Intentionally burning your foods
For those of you that like say, charred and blackened toast, it’s time to turn down the toaster. Besides tasting off, burning your food creates carbon (the blackness you see), a known carcinogen that’s been linked to all kinds of cancers. “Burning food is something you’ll want to avoid because the carbon increases your risk of cancers and it also creates a bitter flavor,” says Ramsey. Both are huge no no’s. Here are some cooking mistakes that can make your food toxic.
Adding ingredients in the wrong order
A recipe has steps you’re supposed to follow for a reason: flavor development. If you add your ingredients out of order, you risk ruining the dish and/or creating a meal that tastes off from the original recipe. For example, a lot of herbs, like parsley and chives, are added towards the end of the cooking process in recipe because they tend to lose their flavor the longer they cook. Herbs are an easy way to spice a bland dish, but can also be pretty costly.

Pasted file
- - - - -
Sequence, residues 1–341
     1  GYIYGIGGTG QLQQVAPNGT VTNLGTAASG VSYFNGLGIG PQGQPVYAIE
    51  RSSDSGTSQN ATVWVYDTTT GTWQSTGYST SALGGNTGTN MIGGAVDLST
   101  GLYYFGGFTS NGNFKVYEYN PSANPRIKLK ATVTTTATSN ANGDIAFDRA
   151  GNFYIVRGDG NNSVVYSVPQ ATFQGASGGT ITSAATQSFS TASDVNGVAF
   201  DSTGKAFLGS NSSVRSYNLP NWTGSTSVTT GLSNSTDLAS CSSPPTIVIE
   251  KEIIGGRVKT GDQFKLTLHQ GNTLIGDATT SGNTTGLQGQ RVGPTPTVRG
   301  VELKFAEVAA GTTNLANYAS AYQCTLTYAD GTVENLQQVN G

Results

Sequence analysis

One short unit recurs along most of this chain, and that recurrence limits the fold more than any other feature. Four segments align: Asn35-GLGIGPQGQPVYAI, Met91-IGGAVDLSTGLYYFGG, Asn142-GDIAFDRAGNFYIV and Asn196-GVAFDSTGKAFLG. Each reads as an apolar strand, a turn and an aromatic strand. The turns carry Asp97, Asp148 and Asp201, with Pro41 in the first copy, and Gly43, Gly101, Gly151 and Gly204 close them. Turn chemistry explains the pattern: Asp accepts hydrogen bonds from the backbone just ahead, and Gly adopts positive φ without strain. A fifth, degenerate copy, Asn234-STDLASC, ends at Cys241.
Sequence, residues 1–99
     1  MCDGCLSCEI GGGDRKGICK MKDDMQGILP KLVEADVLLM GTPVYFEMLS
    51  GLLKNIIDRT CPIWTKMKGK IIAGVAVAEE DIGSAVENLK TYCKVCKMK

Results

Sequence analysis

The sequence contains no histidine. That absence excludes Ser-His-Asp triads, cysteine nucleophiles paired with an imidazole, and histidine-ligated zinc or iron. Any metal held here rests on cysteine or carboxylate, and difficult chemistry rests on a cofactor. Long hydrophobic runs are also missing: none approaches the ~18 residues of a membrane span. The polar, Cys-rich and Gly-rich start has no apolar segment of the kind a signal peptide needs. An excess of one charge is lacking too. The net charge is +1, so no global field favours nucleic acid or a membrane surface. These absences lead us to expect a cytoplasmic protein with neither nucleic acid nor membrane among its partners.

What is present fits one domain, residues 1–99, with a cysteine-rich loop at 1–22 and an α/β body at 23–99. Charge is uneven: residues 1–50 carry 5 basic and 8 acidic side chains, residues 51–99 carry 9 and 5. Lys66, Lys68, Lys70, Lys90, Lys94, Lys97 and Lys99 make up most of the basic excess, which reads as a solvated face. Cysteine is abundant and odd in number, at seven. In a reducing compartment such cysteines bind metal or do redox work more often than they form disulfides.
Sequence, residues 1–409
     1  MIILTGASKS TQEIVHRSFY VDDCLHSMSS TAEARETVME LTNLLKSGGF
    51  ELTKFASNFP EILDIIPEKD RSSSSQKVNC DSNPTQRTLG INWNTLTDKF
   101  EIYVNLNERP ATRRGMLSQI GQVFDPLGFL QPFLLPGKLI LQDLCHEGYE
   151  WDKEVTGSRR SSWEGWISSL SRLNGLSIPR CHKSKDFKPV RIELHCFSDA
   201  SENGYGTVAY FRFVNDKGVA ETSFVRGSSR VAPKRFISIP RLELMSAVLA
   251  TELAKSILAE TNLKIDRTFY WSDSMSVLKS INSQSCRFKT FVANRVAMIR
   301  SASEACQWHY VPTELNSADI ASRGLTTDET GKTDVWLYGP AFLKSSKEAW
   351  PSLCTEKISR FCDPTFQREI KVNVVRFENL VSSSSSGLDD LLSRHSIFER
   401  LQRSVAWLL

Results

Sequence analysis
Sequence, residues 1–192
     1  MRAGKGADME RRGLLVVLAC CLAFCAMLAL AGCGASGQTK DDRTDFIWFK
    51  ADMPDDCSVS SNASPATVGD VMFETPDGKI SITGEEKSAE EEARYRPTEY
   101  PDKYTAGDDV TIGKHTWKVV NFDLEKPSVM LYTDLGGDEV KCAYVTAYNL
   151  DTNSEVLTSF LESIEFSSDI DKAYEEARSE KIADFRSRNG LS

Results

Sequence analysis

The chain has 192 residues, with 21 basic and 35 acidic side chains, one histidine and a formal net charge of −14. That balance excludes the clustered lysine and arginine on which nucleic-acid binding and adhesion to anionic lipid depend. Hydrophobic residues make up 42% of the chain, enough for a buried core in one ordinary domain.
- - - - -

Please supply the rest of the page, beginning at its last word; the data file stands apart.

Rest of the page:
Not sharpening knives regularly
“People think they can sharpen their knife once every five years, yet a sharp knife makes all the difference in the world with everything in the kitchen,” Ramsey says. Even if you’re a casual cook that makes two to three meals a week, you should still be sharpening your knives at least two to four times a year. Ramsey recommends avoiding this kitchen mistake by spending a few extra dollars and getting your knives professionally sharpened, as it’s super easy to accidentally chip or break the blade. If your everyday knifes are pretty basic, you can probably get by with this inexpensive hand-held knife sharpener. And no, that metal rod that comes in most knife kits isn’t a knife sharpener. It’s actually called a honing steel that’s used to straighten, not sharpen, the blade.